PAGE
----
By Megan Banta
State Superintendent Glenda Ritz announced Monday that the state has hired a third party to determine whether testing interruptions that occurred in the spring invalidated student ISTEP test scores.
Richard Hill, co-founder of the New Hampshire-based National Center for the Improvement of Education Assessment, will analyze the validity of the tests for those students who experienced serious interruptions due to computer server errors. That was about 16 percent of all test-takers.
Ritz said because the legitimacy of the test results is still in question, she will be advising local school districts to "lower the significance of the ISTEP test in regard to teacher evaluation" this year while still allowing the local districts to determine the exact percentage of that significance on their own.
Hill's analysis, which began today and will take about four to five weeks to complete, will be independent of any studies conducted by CTB-McGraw Hill, the company that administers the ISTEP. Hill will also analyze any findings by CTB. His review is not expected to cost any more than $53,600.
Sen. Dennis Kruse, a Republican from Auburn who serves as chairman of the Senate Education Committee, said the four to five week estimate is "very reasonable" since so many students experience some technical difficulty while taking the test online.
He said Ritz and the Department of Education took "proper action in hiring an outside consultant to review this year's ISTEP test results."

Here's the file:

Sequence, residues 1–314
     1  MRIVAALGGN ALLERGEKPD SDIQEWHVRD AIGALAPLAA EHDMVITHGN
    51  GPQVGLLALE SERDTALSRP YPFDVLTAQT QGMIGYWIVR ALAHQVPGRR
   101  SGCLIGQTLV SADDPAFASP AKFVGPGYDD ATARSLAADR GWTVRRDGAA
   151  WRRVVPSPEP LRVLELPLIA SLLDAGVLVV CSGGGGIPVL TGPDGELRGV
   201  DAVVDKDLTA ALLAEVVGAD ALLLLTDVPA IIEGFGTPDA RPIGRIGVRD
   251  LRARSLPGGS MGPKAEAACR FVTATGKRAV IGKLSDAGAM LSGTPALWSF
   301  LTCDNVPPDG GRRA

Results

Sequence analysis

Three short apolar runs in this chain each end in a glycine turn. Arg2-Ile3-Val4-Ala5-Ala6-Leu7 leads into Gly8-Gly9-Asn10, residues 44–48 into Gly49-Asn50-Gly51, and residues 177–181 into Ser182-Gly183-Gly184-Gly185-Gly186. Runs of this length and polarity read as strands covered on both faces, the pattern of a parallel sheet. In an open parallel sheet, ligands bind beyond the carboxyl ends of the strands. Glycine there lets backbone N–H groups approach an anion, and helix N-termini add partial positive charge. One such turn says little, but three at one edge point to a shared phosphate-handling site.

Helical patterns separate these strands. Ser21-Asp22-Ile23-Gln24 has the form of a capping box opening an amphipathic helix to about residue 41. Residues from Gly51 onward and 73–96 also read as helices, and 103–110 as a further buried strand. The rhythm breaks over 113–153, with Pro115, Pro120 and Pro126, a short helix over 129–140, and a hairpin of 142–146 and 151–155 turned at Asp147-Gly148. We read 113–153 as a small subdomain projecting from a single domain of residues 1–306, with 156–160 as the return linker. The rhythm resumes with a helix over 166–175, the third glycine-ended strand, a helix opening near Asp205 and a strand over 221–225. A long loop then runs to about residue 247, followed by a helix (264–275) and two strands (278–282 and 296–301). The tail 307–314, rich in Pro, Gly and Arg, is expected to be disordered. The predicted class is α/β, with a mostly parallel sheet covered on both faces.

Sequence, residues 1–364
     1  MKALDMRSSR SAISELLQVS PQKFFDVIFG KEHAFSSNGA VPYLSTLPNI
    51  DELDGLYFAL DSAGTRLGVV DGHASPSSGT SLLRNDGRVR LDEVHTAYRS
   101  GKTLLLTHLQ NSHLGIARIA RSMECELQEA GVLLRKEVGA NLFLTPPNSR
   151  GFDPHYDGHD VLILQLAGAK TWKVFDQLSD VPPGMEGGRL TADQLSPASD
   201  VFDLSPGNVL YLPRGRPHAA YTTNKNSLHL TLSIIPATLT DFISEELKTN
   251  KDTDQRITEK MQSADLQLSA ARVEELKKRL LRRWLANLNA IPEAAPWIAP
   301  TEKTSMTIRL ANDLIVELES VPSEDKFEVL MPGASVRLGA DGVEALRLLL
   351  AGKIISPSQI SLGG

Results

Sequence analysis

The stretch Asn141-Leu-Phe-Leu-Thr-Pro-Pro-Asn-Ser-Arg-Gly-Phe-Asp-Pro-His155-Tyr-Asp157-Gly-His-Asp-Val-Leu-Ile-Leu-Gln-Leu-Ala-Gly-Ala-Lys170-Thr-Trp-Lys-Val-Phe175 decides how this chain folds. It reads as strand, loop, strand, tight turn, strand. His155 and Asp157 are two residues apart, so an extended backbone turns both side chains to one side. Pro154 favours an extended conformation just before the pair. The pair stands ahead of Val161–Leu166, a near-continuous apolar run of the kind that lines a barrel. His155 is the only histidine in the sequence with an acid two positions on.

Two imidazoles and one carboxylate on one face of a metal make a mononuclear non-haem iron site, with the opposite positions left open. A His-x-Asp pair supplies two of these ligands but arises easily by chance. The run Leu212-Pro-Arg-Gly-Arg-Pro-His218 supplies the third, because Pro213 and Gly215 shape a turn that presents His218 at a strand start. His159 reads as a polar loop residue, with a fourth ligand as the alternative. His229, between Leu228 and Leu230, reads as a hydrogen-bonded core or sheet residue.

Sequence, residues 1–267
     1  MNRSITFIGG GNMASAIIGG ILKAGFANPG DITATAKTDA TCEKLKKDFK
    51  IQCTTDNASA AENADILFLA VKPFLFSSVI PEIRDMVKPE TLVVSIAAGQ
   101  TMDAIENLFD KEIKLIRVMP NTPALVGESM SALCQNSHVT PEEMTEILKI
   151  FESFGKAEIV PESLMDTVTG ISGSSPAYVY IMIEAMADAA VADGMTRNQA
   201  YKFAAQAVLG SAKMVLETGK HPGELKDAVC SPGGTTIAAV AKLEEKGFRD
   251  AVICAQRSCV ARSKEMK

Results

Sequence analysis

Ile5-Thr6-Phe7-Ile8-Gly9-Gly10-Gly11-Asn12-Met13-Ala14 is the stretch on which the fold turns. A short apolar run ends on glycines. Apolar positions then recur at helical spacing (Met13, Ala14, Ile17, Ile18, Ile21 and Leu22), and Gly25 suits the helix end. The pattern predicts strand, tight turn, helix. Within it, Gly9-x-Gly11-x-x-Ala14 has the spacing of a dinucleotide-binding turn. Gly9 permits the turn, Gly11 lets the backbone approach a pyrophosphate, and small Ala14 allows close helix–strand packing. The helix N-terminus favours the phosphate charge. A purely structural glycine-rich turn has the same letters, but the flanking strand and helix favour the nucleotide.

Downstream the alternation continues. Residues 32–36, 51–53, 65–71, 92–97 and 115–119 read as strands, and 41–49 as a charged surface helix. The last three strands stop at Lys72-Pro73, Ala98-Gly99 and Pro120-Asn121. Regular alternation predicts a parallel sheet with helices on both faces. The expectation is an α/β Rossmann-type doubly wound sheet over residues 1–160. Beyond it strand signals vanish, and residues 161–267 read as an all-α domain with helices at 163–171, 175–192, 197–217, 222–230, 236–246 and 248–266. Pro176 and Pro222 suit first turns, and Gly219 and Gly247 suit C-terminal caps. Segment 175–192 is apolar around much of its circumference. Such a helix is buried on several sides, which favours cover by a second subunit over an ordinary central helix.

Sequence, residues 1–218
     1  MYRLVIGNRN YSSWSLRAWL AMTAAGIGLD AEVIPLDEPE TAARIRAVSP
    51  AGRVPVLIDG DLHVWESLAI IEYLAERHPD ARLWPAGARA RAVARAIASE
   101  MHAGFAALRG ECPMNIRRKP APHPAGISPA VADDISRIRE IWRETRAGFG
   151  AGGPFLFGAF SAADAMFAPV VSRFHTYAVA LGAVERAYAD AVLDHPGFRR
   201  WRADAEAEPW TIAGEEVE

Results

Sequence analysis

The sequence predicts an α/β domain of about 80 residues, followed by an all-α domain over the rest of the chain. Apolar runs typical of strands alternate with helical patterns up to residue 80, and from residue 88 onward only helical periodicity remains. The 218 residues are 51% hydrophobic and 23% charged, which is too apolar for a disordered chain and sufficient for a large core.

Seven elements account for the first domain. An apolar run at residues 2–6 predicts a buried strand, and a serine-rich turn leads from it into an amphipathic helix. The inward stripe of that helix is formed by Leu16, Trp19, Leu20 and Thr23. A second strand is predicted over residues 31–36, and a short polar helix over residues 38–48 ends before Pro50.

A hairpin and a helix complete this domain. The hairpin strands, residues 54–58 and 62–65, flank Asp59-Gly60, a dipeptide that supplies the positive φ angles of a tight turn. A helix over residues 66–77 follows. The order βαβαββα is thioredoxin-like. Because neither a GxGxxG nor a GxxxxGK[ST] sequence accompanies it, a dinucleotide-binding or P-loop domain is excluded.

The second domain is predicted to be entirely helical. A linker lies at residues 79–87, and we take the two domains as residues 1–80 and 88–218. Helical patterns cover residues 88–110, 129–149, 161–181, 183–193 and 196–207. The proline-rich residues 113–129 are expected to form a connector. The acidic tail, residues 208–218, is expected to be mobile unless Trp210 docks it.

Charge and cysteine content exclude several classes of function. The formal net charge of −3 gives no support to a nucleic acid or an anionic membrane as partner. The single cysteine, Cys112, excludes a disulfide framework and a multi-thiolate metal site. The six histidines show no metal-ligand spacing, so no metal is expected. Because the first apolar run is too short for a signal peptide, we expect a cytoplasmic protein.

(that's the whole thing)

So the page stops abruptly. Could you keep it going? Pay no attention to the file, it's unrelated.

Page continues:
"Those who suffered the most were students and hiring an outside advisor to validate ISTEP scores was the right thing to do," Kruse said.
Though Ritz gave estimates for the duration and cost of Hill's analysis, she said that timeline was not exact. She said that's because she is more concerned the process be done correctly, since the ISTEP is such a high-stakes test.
"It's critical to have the validation process completed with the utmost quality," she said. "I want it done right."
Ritz said when the state is giving the ISTEP or other tests, there is always a "chance that something like this can happen."
She said because there are high stakes attached to the test, the state must respond differently now to glitches like this than it would have in the past, when the sole purpose of the ISTEP was to gauge student learning. She said she would like the test once more to be focused on student learning.
"I'm hoping that the state of Indiana wants to reduce the high stakes attached to this test," she said. "It should be about student learning."
The General Assembly and the State Board of Education are also undertaking studies of the ISTEP problems.
Megan Banta is a reporter for TheStatehouseFile.com, a news website powered by Franklin College journalism students.